“How’s she gonna race without legs?” the little girl asked, cocking her head to the side.
“Wheelchair,” I said, turning away. I picked up Tiffany as the little girl skipped away. “Listen,” I said, lowering my voice so that only Tiffany could hear, “you may not be as strong, or as sleek, or as fast as any of these other ferrets, but you’ve got brains, Tiff. You’ve got brains. Brains beat brawn every time, remember that.” Tiffany looked up at me, her small black eyes sparkling with an intensity I didn't even know she was capable of. “You ready for this?” I asked her. As if in response. She lowered her head and let out a menacing string of chatter. “That’s my girl!” I crowed, scratching her behind her ears. She poked her head up a touched her nose to mine, putting her small paws around it. "You can do this," I whispered, pressing the bridge of my nose to her forehead. She let out a soft mewling noise and nuzzled me.
“Attention! Attention please!” I heard a megaphone amplified voice call out. “All contestants, please line up your ferrets in front of the mouth of the tubes!” I gently set Tiffany down at the front of our yellow tube, holding on to her sleek body before she could shoot off down the narrow opening. “On three! One!” Tiffany cocked her head and seemed to square her tiny shoulders. “Two!” She began to push forward and backward, gaining momentum, her muscles squeezing into tight coils. “Three!” Tiffany went off like a shot down the tube, brown fur flashing in the afternoon light. Right off the bat, the little girl's ferret backed out of the tube and streaked off through the grass.
“Go, Tiff! Go!” I shouted, pumping my arms. I watched as she reached the first cage in the tube. There were four cages on each track connected throughout the tube. The first cage had a small ridged curve, representing a bridge. The second had a seesaw that was tilted so that the competitor had to reach the other end to make it past. The third cage had a small blue divet with three plastic balls, representing a pool. The last was just a regular cage where the ferret had to turn around and go back down the tube.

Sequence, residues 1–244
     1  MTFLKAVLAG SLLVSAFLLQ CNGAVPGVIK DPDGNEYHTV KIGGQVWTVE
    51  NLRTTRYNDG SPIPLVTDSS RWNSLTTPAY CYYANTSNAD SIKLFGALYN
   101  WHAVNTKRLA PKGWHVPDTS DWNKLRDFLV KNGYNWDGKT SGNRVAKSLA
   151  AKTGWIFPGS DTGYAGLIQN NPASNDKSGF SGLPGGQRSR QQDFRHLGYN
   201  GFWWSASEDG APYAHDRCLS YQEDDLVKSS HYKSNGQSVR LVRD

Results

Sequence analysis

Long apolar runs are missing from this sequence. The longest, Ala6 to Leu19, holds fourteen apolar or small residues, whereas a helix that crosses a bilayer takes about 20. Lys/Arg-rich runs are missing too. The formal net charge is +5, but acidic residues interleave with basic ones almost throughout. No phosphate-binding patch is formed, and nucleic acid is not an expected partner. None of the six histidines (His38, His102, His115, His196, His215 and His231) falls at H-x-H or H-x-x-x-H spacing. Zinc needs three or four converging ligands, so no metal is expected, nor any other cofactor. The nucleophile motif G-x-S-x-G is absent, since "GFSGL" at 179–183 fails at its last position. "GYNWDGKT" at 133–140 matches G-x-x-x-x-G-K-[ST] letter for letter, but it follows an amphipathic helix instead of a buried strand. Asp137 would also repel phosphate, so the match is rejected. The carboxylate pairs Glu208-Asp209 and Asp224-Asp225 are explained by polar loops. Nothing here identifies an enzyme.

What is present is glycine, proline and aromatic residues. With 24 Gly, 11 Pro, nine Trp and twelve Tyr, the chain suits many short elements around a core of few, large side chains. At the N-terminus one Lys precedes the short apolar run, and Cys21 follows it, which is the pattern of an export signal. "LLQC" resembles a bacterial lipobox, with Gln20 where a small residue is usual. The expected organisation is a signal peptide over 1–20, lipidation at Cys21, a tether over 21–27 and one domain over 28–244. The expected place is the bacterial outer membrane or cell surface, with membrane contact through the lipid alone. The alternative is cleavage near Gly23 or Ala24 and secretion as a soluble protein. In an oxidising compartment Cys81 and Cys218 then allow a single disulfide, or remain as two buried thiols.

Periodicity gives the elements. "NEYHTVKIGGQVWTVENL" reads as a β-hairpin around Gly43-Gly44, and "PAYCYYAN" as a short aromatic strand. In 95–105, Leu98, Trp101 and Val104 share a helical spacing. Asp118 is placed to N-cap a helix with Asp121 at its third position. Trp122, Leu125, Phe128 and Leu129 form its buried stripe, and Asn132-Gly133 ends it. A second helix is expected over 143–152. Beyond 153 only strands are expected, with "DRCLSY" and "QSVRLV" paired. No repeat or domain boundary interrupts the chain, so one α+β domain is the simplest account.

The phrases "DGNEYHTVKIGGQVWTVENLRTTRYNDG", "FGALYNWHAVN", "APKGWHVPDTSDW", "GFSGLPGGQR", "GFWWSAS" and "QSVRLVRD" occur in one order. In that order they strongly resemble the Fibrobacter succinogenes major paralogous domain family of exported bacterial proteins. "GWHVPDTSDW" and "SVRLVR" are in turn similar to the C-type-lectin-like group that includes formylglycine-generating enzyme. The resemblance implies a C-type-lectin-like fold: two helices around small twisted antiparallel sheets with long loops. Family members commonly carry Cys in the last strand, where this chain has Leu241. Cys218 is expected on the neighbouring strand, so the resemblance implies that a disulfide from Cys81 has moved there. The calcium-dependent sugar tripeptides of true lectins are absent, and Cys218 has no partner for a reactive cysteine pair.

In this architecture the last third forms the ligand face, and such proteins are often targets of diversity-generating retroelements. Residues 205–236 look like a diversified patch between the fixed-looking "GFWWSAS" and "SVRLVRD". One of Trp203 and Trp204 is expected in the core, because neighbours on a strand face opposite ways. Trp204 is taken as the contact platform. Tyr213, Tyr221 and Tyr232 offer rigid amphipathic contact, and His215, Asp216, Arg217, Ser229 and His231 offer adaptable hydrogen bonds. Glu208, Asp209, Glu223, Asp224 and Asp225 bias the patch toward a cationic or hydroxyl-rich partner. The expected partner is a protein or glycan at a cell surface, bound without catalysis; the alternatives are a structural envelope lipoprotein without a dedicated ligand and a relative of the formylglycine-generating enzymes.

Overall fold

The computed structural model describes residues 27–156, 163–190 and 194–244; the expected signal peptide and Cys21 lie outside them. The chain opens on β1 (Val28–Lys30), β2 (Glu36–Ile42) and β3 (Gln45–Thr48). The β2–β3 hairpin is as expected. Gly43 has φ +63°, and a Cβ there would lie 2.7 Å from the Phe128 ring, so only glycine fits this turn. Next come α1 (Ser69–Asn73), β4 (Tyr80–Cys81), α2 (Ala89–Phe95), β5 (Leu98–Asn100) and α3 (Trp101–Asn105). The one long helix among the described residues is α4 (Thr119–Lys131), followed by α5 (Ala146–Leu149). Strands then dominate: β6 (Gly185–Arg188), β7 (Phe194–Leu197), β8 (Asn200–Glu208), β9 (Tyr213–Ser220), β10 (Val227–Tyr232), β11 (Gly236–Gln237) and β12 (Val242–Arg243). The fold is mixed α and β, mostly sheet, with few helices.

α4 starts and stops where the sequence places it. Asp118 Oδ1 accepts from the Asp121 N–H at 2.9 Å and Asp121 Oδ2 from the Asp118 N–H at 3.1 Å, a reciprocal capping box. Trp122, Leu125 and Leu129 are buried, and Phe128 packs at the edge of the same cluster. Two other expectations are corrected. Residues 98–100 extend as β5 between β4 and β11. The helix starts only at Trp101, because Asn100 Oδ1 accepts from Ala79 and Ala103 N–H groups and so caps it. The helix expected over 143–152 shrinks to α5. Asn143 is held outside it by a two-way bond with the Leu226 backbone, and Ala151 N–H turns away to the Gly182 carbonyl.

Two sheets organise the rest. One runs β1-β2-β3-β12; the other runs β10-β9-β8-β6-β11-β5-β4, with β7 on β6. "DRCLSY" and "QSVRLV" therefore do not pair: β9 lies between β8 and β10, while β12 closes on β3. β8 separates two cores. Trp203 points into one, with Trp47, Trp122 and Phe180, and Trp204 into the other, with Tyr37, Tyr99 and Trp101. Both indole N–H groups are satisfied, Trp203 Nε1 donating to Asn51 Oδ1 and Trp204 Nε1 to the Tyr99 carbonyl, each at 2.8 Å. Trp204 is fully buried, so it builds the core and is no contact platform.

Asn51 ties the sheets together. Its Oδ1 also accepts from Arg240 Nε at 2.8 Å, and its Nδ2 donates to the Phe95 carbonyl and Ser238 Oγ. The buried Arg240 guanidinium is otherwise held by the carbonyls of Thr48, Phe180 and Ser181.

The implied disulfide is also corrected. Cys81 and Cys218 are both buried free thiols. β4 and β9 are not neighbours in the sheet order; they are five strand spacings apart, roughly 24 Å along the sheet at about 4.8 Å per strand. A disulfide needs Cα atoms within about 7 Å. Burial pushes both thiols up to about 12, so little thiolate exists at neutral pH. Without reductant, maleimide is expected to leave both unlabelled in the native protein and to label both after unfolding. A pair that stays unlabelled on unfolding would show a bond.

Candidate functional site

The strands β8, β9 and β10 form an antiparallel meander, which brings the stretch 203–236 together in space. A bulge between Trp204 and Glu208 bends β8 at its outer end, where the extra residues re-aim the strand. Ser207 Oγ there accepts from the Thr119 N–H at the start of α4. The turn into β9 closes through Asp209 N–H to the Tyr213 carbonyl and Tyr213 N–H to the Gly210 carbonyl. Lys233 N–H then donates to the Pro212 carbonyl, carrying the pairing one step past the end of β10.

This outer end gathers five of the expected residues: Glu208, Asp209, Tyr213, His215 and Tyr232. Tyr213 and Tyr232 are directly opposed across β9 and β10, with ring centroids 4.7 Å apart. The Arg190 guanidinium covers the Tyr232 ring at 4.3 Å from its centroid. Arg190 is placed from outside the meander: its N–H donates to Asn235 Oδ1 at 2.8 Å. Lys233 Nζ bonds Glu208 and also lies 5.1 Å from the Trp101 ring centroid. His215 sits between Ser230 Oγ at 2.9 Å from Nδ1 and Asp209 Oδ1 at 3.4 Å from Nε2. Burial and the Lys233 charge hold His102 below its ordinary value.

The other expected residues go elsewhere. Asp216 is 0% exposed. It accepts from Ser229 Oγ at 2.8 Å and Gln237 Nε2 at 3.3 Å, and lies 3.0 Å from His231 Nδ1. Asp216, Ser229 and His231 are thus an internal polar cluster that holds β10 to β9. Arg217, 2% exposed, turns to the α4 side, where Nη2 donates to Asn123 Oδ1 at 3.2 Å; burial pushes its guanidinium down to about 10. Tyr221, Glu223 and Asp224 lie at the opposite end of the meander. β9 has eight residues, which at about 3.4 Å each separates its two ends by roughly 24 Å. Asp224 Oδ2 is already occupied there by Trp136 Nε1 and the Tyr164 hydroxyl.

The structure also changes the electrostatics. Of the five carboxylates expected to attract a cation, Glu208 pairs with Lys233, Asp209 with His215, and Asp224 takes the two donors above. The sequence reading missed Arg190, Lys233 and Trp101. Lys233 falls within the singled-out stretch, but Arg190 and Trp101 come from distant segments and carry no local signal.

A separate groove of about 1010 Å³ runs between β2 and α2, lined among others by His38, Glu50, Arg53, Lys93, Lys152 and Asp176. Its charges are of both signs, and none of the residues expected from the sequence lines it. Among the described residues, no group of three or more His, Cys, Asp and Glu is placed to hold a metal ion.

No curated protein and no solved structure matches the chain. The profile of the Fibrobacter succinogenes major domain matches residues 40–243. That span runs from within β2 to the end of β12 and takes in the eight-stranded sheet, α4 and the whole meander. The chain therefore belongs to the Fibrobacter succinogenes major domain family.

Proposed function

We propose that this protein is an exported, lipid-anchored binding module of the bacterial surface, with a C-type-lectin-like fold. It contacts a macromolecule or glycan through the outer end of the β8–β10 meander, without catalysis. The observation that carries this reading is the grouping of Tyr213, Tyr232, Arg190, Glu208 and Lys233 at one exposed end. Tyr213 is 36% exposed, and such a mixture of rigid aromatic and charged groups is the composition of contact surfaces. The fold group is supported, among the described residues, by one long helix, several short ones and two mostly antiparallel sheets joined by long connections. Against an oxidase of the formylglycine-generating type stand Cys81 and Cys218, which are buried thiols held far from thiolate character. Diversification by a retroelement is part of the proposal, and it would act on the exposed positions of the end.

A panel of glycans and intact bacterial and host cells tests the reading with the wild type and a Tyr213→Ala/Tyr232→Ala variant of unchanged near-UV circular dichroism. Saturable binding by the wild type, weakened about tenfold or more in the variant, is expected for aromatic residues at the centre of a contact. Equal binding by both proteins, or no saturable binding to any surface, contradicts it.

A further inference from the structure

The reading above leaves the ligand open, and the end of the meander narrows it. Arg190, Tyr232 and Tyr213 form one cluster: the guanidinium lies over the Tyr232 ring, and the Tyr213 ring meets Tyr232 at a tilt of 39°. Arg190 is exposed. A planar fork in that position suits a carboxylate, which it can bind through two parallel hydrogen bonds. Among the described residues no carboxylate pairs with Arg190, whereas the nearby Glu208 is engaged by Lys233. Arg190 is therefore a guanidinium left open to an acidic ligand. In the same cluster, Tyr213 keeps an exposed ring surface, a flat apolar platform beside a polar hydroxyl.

I watched as Tiffany easily glided over the bridge, not pausing for a second. The other two ferrets were ahead, but not by much. Tiffany streaked down the tube, reaching the seesaw. The other ferrets paused, confused by the contraption. But Tiffany knew what to do. She reached the other end of the seesaw and dove off in one graceful leap.
“Go, Tiffany!” I screamed, the cheers of the small crowd that had begun to gather joining mine. I watched anxiously as she reached the third cage. She paused for just a moment, unsure of it, but then she dodged it and continued down the tube. The woman in the sundress’s ferret had stopped altogether, batting around the brightly colored balls with its tiny paws. The man in the suit’s ferret was just behind Tiffany.
Tiffany reached the last cage and swung herself around, just as the other ferret did. They both dove towards the tubes. Tiffany froze. Her wheelchair had flipped over. She was thrashing and chattering angrily as she struggled to get up.
“Come on Tiffany!” I cried, disappointment flooding my veins as I watched the other ferret streak past the cage with the balls. “You can do this!”
Finally, with a snap of her teeth and a growl, she bent her body back and flipped the wheelchair upright. The crowd roared in appreciation and I clapped my hands. “Go!”
Tiffany scrambled past the cage with the balls and raced after the other ferret, gaining on him by the second. She jumped onto the seesaw and down the tube. She raced over the bridge and down the final stretch, the other ferret barely ahead of her. I could see that her teeth were bared in concentration, her small eyes focused on the end of the tunnel.
“Come on Tiffany!” I screamed, my voice feeling ragged. With a powerful leap, Tiffany shot out of the entrance of the tube, just moments before the other ferret. “Yes!” I screamed pumping my fists in the air and picking up Tiffany. I could feel her tiny lungs heaving in and out. She was chattering so enthusiastically that she sounded like a wind-up toy. I held her up in the air for the now large crowd to see. “Tiffany!” The crowd roared with cheers for Tiffany.
I lowered her down, close to my lips. As the woman from the desk began walking over to me with the small trophy and the cash prize, I pressed my nose to Tiffany's and whispered in her ear, “I knew you could do it.”
This story is dedicated to Luke (aka Litlover) for being such a great friend and a wonderful person! He is so kind and loves to spread positivity! You can check out his stories at: https://blog.reedsy.com/creative-writing-prompts/author/litlover/
Also, if anyone wants to check out this ferret racing video (SOOOO CUTE) that I got my inspiration from, here's the link! https://www.youtube.com/watch?v=hevu7xKxc7Y